CARMEL, Ind. (WISH) — The City Council on Monday night voted on a pair of controversial proposals. One passed and one did not.
Park impact fee increase approved
The council voted unanimously to pass a park impact fee. It would impact people looking to build a new house in Carmel.
Right now, the fee is $2,972. The fee will increase to $4,882.
Supporters of the increase say as the population of Carmel grows, the new people moving to Carmel should contribute financially to the growth of the city and its parks. But, opponents of the ordinance said, the increase is just too much.
Council members said it’s a one-time fee not a tax increase for new-home builders. The fee would only apply to new-home development and not to someone looking to remodel or add on to their home.
The ordinance will go into effect in January and go until 2025.
Limits on saving spots at CarmelFest shot down
The issue of saving spots on the street to watch Carmel’s Fourth of July parade, which has elicited significant public discussion, was unanimously shot down by the council on Monday.
Council President Jeff Worrell, who sponsored the proposed ordinance, pulled it from the agenda after he said the land use committee put forth a negative recommendation. The proposal would’ve limited when people can stake out their spots ahead of the CarmelFest Parade.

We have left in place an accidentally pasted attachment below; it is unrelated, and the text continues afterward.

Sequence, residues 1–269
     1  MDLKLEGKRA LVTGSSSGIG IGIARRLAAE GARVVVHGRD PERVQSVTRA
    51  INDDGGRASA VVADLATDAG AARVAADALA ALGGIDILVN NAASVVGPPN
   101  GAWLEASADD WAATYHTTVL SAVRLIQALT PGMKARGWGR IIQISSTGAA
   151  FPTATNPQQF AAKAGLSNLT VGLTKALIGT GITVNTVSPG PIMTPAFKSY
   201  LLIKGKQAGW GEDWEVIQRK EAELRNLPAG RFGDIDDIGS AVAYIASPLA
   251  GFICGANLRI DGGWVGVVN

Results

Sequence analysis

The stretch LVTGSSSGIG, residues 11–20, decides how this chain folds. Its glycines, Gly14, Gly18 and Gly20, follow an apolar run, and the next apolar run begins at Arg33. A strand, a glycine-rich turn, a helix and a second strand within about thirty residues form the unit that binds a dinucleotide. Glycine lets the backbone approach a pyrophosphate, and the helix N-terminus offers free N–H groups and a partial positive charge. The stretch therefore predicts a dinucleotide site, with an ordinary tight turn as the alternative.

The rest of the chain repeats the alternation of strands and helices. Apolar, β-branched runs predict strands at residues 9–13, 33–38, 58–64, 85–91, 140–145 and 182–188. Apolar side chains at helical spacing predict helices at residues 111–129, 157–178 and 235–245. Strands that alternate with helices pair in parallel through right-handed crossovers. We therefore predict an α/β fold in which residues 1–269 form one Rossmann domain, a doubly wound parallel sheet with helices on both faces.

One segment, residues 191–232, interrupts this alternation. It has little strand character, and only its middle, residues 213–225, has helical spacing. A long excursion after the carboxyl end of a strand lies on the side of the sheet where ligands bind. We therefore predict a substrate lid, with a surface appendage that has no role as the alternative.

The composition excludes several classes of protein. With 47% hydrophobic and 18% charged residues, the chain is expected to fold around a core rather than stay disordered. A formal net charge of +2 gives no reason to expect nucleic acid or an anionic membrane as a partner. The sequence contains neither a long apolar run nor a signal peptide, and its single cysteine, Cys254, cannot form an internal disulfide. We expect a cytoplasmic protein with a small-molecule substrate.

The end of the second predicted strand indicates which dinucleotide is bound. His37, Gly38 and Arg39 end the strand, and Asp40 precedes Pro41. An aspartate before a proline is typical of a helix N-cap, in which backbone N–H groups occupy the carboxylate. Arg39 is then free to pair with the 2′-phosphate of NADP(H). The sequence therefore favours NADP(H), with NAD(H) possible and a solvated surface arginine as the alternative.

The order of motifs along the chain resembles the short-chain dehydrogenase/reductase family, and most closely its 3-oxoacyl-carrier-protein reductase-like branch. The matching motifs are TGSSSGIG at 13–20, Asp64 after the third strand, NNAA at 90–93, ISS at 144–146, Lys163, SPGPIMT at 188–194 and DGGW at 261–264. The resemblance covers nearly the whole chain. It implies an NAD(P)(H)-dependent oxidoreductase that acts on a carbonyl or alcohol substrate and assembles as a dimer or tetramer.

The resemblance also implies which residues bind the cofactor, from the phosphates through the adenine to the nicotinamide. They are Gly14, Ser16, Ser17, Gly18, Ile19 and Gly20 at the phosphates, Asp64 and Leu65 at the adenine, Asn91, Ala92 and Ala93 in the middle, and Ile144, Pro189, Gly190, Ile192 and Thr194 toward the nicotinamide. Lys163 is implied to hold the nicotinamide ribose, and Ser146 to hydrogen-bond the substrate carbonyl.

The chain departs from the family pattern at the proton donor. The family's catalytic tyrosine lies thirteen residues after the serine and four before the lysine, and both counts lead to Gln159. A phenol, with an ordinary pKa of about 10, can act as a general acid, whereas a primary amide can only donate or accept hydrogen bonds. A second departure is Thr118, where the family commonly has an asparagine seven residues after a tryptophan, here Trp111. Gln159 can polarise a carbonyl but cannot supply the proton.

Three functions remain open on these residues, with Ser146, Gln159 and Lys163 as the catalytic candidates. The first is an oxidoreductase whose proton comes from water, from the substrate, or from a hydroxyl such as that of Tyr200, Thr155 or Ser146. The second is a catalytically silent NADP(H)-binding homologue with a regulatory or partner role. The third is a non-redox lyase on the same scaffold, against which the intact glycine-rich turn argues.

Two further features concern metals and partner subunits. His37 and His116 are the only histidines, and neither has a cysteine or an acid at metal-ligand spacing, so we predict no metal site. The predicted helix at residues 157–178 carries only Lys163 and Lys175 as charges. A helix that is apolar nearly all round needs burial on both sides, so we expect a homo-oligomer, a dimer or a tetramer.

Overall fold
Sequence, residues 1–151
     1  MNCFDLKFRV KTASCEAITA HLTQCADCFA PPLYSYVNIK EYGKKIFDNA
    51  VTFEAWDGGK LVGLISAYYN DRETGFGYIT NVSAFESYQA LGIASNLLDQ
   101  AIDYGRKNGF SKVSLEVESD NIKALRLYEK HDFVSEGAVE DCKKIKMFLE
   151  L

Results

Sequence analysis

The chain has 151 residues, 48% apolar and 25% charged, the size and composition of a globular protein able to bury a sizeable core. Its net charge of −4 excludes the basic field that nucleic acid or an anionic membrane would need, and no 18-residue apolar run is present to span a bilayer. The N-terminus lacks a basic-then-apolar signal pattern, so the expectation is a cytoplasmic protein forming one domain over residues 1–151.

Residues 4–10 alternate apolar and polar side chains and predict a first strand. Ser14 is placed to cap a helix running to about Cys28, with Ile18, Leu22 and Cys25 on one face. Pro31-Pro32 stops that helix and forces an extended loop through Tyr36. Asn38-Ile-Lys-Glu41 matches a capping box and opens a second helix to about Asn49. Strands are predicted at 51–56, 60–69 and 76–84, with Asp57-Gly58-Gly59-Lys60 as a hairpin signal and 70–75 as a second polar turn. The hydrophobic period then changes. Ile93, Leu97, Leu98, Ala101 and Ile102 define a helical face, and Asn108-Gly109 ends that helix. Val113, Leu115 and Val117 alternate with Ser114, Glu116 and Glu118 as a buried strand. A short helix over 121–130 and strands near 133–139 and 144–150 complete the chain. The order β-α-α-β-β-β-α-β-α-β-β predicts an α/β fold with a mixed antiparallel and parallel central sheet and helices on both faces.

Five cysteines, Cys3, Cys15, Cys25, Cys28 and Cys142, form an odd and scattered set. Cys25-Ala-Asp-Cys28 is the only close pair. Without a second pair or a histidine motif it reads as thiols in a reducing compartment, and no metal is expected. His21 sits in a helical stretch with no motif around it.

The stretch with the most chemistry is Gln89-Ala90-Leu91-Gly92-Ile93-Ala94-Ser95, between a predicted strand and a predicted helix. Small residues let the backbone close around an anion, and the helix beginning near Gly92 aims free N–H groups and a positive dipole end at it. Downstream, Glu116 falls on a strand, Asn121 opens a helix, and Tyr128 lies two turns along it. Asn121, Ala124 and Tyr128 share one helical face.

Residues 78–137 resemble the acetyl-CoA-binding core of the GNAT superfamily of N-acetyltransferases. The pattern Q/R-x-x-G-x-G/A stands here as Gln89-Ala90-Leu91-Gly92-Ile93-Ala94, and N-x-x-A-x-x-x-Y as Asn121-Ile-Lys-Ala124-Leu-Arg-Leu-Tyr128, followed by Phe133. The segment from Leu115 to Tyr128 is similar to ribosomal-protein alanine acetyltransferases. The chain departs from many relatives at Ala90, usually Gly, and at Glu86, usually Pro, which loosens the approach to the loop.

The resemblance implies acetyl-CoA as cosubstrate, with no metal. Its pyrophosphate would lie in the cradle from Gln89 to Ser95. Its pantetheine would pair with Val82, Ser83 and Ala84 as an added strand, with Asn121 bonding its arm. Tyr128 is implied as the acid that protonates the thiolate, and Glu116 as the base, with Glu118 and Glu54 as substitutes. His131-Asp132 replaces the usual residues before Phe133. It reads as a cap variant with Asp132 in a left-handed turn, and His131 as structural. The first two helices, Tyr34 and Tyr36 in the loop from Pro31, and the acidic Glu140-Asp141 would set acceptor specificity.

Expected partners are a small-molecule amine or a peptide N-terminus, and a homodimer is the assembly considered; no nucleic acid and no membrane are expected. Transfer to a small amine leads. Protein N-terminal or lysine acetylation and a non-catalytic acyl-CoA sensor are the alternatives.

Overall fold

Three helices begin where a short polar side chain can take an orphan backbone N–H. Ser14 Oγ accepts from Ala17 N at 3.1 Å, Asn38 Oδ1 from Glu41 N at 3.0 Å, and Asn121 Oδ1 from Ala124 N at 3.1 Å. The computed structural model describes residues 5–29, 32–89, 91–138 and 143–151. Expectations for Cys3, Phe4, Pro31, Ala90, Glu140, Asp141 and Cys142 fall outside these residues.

Under the proposal, people could have reserved their spots for the parade at 6 a.m. the day before the event, rather than weeks in advance as they do now. The proposal was brought up after some complained chairs and spot markers not only made for unsightly clutter but also caused damage to grass and irrigation systems around the city.
Worrell said, “Maybe I was just too close to it? But my colleagues did not feel a sense of that this is something government should get involved with. I get that! I mean, I don’t want government where it shouldn’t be. But, my theory was that when something gets out of control or gets out of hand, we step in and set some guidelines, set some rules, and I think people generally appreciate that.”
As for what’s next, Worrell said he plans to do some more work on the ordinance, get more public feedback and perhaps make some tweaks before potentially bringing it back before the council.